Oakland A score wins as ballpark plan gets preliminary green light from key state agency

The Oakland A’s scored a victory in their quest for a new ballpark on Monday as staff from a key state agency recommended that Howard Terminal be approved for the team’s proposed waterfront project at $12 billion.

Staff of the San Francisco Bay Area Conservation and Development Commission recommended monday that the commission approve the A’s request to remove the 56 acres of the Howard Terminal from the designation of the port where the team hopes to build a new waterfront baseball stadium – a step towards opening up the parcel Development.

BCDC staff said in a report that they determined that removing the Howard Terminal from operating port functions “would not adversely affect the region’s ability to meet projected cargo growth.”

In March, a committee of the waterfront development watchdog agency voted against removing the Howard Terminal from port functions. It was a major setback for the team that referred the issue to the full committee, which is due to hold a public hearing on the issue on June 2 before voting on June 30.

To move forward with the stadium project, the A’s need a two-thirds vote from the committee. Without it, the project could die. The A’s said that if they are unable to build a baseball stadium at Howard Terminal, they may move to Las Vegas, where they explored potential stadium sites.

A’s chairman Dave Kaval said on Monday that BCDC staff’s recommendation was a big step forward for the stadium project.

“I think we had a momentum that took us away from us with that advisory vote on the seaport (in March). And those kind of stops that in its tracks and turns it around and gives us the momentum,” he said. “It’s almost like maybe we had a five-point deficit and now we have a five-point lead. He overturns it completely. … We were off track and now we are on the right track.

The A’s want to build a 35,000-seat waterfront ballpark, 3,000 housing units, 1.5 million square feet of office space, 270,000 square feet of retail space, a live performance venue, and more. capacity of 3,500 places, up to 400 hotel rooms and 8,900 parking spaces on the property. If the project gets final approvals — which the A’s are asking for this year — it would be one of the biggest developments in state history.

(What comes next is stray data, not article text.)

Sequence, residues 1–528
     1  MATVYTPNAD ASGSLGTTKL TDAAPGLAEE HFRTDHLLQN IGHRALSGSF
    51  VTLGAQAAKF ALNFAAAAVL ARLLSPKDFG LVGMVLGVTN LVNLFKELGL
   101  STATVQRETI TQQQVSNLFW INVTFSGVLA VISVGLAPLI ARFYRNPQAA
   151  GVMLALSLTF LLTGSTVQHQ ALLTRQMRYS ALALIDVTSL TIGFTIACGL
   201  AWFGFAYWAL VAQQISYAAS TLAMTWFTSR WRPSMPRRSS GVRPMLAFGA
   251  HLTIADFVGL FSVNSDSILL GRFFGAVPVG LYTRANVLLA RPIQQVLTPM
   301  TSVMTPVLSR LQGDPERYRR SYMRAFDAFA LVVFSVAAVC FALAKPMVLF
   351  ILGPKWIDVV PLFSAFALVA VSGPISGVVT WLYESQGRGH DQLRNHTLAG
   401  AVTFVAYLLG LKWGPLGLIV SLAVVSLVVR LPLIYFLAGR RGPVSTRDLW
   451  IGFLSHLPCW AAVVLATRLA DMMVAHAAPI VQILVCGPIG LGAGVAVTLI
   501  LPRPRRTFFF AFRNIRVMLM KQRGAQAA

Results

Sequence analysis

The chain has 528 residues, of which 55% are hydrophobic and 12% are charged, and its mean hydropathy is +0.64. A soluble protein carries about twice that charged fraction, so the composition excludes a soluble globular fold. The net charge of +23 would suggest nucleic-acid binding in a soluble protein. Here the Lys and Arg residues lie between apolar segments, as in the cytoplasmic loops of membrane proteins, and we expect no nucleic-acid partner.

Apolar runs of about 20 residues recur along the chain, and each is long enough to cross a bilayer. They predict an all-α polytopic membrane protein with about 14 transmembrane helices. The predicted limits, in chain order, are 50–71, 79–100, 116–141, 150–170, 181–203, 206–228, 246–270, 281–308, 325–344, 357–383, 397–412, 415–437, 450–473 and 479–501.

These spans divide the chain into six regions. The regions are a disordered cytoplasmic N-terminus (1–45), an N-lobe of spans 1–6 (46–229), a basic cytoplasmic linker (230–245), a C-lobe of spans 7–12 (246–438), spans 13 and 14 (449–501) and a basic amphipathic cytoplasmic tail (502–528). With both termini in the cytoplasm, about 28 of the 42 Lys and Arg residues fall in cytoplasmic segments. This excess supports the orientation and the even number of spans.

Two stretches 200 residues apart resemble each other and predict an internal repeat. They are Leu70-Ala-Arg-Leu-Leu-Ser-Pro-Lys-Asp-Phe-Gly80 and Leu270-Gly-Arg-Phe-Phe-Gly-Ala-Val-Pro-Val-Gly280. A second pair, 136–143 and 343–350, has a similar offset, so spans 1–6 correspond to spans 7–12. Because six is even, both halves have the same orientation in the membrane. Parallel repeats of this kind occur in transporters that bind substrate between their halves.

Oakland Mayor Libby Schaaf applauded the BCDC’s recommendation.

“Today’s report is great news for Oakland and our region,” she said in a statement. “I appreciate the BCDC staff’s due diligence and preliminary recommendation to move this project forward and open the Oakland waterfront to the public.

“I wholeheartedly agree: the best use of an idle Howard Terminal is to convert it into a thriving waterfront baseball stadium neighborhood, with 18 acres of new public parks, 3,000 desperately needed and thousands of good union jobs for generations to come.”

The Port of Oakland backed plans for the waterfront baseball stadium of the A. Danny Wan, the Port of Oakland’s executive director, said at the BCDC’s last meeting in April that the port and other Bay Area ports will be able to handle the projected growth in cargo and that through therefore, the Howard Terminal is not required for port uses.

Mike Jacob, vice president of the Pacific Merchant Shipping Association and a spokesman for port workers who filed one of the lawsuits against the city’s environmental review of the project, said he was disappointed with the staff’s recommendation.

Jacob has spoken at previous BCDC meetings urging the commission to maintain the Howard Terminal for port uses. He said he was still going through the report and trying to figure out why BCDC staff made the preliminary recommendation.

“We need to go through all the data, we need to see what people are actually claiming and what backs it up and what doesn’t,” Jacob said.

The BCDC vote in June is the next hurdle the A’s must clear to get closer to a new stadium. The As and the City are still negotiating the development agreement, which sets out the terms of the development project. The team and city leaders are still negotiating the terms of project infrastructure funding and community benefits.

The city council will have to vote on the development agreement to move the project forward. A vote has not yet been scheduled as the A’s and the city continue negotiations.

The A’s plan also builds on the Alameda County Board of Supervisors’ agreement to join the city in creating an infrastructure funding district at the Howard Terminal site. The county hired a finance company to analyze the project. A vote has not yet been scheduled.

The city has agreed to fund approximately $352 million for offsite infrastructure and is currently vying for state and federal grants.

Additionally, three separate lawsuits were filed against the city and the A’s after council voted to certify the project’s environmental review. Although the lawsuits were expected, both the As and the city must argue in court that the environmental analysis of the project’s impacts is sufficient.


Chronicle writer Matthew Kawahara contributed to this report.


Sarah Ravani (her) and Michael Cabanatuan are writers for the San Francisco Chronicle. Email: [email protected], [email protected] Twitter: @SarRavani@ctuan